Glenwood Jr. High School teacher wins $16,000 Ohio EPA grant for ambitious composting project
By Bruce Walton
A small composting system sits in the courtyard of Glenwood Junior High School, and some teachers dispose of their biodegradable waste there from time to time.
Science teacher Laura Kibby started the system to help the environment and promote waste reduction. Now, that composting system will be dwarfed in comparison to a new one Kibby will have after winning a highly competitive $16,000 grant from the Ohio Environmental Protection Agency.
Out of about 20 competitors, Kibby and her school received the Ohio Environmental Education Fund Grant for an Earth Tub composting system that will be placed in the school courtyard.
The Earth Tub, from Green Mountain Technologies, is very different from the small composting system Kibby now has there. The small composting system uses vermicomposting, incorporating earthworms to break down the waste. The Earth Tub rotates and heats the waste, able to compost up to 100 pounds per day. The compost will be used mainly as fertilizer for the pollinator habitats and produce gardens in the school’s courtyard. Aside from the environmental benefit, Kibby said she’s also planning to incorporate composting into the school’s lesson plans.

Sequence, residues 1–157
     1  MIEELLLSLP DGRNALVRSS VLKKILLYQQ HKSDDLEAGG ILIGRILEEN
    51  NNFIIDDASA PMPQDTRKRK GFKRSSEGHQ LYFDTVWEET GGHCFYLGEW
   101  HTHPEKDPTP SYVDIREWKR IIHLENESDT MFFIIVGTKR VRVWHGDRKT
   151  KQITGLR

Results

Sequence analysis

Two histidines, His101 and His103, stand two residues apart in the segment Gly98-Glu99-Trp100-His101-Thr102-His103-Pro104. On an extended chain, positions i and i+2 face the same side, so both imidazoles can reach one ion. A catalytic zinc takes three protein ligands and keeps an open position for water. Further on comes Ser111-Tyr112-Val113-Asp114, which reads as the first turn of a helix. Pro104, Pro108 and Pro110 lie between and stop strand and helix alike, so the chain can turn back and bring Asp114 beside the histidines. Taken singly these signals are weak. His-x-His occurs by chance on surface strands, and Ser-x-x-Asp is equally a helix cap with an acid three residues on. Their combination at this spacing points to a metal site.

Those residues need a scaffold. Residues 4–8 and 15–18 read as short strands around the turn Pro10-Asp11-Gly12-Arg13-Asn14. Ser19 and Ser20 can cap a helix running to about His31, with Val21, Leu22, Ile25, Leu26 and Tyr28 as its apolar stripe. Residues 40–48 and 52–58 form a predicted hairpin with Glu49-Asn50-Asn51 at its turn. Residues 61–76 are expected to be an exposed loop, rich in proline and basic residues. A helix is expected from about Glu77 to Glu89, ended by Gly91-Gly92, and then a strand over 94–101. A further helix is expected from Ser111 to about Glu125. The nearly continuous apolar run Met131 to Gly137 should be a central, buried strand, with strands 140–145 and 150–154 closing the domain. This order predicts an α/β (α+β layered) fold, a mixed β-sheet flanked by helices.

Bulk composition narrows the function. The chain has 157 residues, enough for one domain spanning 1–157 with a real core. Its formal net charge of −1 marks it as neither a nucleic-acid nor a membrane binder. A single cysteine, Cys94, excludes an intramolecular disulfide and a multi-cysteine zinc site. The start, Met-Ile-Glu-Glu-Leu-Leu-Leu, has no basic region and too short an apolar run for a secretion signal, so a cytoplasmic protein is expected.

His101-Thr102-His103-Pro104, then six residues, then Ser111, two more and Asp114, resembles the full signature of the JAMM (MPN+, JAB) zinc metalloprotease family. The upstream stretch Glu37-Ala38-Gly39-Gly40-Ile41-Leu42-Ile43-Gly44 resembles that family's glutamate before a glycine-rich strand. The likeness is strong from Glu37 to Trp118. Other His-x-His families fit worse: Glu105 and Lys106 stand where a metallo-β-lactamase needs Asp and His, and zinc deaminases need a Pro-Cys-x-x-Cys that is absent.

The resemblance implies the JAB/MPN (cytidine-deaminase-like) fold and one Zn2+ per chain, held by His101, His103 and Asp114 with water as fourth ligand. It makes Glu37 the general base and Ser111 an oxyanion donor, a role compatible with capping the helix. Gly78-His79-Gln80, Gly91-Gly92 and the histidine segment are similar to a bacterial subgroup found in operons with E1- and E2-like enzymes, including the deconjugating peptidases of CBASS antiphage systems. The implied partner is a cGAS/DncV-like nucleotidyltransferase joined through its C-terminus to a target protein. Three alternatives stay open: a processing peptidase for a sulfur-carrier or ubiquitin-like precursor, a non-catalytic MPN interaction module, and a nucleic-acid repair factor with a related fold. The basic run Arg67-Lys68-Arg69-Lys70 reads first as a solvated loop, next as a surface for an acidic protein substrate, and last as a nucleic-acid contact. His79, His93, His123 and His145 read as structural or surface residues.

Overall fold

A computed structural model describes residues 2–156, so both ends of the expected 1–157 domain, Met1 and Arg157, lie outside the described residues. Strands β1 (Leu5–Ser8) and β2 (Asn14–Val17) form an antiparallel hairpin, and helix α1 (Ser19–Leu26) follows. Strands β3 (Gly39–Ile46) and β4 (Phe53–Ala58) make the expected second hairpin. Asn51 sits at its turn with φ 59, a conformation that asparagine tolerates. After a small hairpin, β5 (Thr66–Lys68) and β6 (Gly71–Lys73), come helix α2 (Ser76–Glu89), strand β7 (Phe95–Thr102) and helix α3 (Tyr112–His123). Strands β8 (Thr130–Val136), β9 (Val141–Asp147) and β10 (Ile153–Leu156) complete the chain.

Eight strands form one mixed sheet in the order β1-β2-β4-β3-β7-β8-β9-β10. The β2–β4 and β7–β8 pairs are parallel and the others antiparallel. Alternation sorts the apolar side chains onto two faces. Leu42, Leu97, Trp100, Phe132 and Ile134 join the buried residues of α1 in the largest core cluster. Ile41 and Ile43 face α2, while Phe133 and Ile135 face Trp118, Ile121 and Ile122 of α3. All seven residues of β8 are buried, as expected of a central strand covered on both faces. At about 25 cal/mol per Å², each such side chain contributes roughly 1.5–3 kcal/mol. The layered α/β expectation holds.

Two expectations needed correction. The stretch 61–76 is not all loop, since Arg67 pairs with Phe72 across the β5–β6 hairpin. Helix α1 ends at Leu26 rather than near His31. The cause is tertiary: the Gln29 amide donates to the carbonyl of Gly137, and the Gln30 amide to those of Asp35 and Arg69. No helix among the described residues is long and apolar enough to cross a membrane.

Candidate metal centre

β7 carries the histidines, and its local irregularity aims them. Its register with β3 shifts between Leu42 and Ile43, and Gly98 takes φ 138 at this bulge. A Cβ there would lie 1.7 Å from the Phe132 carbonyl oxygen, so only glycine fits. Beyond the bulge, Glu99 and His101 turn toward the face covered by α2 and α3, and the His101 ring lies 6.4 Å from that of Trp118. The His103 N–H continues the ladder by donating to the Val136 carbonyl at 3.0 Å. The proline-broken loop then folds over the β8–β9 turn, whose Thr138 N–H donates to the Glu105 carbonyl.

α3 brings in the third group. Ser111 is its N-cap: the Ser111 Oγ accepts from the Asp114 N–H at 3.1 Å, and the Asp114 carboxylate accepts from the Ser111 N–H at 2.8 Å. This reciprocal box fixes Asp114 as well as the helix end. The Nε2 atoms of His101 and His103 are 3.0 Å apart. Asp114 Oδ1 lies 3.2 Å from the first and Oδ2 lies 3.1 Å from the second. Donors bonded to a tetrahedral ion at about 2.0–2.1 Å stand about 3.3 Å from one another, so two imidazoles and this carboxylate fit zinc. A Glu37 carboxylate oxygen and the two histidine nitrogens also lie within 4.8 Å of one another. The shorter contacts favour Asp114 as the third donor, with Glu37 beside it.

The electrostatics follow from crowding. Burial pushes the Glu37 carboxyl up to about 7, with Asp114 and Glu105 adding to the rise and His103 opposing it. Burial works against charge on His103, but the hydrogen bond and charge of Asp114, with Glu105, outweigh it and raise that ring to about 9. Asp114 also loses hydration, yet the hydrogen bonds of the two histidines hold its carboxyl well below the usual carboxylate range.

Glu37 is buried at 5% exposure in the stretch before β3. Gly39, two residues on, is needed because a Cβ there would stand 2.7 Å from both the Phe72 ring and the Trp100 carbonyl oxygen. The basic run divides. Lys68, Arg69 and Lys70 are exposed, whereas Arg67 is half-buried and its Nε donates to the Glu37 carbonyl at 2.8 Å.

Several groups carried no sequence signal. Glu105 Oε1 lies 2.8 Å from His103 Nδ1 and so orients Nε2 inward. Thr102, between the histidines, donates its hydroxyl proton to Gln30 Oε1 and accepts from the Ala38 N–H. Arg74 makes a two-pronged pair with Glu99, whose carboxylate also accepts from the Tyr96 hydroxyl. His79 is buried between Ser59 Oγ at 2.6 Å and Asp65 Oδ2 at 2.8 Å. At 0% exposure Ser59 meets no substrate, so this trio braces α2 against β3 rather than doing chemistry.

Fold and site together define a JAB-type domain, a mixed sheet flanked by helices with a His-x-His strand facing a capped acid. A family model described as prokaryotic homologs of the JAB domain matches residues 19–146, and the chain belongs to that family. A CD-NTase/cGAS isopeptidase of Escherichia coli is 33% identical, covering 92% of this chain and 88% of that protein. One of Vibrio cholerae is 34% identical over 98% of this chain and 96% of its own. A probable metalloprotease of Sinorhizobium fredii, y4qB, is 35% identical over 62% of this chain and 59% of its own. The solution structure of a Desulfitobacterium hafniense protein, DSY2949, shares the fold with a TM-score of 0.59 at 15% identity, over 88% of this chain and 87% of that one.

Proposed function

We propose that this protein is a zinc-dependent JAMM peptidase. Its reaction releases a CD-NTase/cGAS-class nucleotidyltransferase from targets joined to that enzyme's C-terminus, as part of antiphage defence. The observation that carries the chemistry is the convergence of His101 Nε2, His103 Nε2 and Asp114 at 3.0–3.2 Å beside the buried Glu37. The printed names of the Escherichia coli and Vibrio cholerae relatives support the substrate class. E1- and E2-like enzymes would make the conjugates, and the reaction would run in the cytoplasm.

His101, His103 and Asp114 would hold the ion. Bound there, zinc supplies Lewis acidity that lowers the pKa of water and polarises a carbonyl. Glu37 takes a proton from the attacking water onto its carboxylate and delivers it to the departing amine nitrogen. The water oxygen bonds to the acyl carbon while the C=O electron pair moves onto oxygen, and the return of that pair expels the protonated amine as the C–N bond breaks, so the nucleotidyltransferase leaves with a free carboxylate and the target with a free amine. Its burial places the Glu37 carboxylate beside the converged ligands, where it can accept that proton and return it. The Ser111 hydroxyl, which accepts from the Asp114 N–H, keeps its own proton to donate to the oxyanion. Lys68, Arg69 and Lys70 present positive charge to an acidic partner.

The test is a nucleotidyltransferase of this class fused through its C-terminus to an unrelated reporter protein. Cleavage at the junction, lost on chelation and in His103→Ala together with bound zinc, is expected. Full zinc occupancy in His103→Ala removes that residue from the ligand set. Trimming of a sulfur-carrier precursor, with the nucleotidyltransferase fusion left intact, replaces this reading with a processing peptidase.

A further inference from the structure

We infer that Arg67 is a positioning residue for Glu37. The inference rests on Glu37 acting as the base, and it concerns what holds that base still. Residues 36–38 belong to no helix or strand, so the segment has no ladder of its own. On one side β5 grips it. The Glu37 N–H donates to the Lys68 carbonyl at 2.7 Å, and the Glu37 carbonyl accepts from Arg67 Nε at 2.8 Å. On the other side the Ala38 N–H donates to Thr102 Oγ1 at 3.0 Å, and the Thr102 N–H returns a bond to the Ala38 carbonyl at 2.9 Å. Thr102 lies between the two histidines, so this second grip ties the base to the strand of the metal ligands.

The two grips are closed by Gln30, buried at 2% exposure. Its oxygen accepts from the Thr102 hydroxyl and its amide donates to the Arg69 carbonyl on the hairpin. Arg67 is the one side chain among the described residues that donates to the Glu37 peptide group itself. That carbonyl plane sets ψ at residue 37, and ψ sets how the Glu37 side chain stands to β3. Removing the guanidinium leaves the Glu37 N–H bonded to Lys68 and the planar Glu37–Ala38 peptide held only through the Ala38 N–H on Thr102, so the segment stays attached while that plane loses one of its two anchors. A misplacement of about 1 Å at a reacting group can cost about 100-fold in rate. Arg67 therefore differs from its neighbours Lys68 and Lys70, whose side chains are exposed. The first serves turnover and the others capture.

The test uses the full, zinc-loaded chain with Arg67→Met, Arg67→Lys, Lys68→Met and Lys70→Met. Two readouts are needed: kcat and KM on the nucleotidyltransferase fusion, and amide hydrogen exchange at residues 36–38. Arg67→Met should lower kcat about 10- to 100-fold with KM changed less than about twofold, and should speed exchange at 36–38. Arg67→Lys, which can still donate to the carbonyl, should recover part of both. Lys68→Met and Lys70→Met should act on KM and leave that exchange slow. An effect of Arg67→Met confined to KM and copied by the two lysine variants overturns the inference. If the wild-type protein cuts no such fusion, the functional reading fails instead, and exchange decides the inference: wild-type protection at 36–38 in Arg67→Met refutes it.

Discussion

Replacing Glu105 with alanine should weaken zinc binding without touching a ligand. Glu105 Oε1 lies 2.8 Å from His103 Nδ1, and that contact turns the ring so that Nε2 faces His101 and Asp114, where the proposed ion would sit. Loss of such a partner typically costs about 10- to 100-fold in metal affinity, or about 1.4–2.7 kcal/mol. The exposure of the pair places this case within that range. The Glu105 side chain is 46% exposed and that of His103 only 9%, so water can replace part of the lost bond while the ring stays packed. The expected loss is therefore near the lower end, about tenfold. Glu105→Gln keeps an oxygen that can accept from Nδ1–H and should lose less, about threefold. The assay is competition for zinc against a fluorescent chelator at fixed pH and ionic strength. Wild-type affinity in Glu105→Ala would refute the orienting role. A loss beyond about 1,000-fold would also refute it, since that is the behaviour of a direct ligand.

“With this composting system, it’s going to allow a new avenue for kids to take,” she said. “It’s going to allow teachers to maybe feel more comfortable in giving them more real world options.”
The idea came to her after attending a composting seminar in 2015 where she learned about the advantages of composting to produce fresh fertilizer for plant growth and reducing biodegradable waste ending up in a landfill. She first started composting at home, then brought composting to the school. After the first composting system, she wanted to do more. This lead to a waste audit.
With the help of students, she gathered a day’s worth of trash to analyze the waste her school produced. The audit yielded surprising results: The school produces about 100 pounds of waste a day from just the cafeteria, with about 35 percent of the waste being biodegradable.
During the cycle in which Boardman Local Schools was awarded, a total 20 general grant applications were submitted, according to the Ohio EPA. Although Ohio EPA’s grant reviewers must remain anonymous, one comment on the project Kibby submitted commended its uniqueness.
“There are many possible ways for the teachers to utilize the composting equipment and project to facilitate real learning opportunities specifically applicable and meaningful to their students and potentially the community at large,” the anonymous reviewer said. The Earth Tub should be installed at the beginning of the academic year this fall.